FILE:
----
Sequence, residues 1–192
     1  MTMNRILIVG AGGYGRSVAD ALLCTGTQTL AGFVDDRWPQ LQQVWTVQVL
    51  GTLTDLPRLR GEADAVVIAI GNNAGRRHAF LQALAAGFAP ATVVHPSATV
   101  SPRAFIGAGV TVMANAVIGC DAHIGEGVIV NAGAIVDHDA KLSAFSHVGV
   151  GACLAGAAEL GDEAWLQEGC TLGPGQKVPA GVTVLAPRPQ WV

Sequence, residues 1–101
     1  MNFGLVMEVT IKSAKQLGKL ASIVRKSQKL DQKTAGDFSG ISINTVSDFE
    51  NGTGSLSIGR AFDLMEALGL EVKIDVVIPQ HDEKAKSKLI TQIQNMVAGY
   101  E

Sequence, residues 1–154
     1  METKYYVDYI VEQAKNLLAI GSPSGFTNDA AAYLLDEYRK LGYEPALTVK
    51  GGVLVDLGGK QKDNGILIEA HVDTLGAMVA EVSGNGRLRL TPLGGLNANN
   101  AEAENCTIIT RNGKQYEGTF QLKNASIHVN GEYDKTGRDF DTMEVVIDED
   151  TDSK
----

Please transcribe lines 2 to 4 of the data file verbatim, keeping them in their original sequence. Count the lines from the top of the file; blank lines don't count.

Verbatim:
     1  MTMNRILIVG AGGYGRSVAD ALLCTGTQTL AGFVDDRWPQ LQQVWTVQVL
    51  GTLTDLPRLR GEADAVVIAI GNNAGRRHAF LQALAAGFAP ATVVHPSATV
   101  SPRAFIGAGV TVMANAVIGC DAHIGEGVIV NAGAIVDHDA KLSAFSHVGV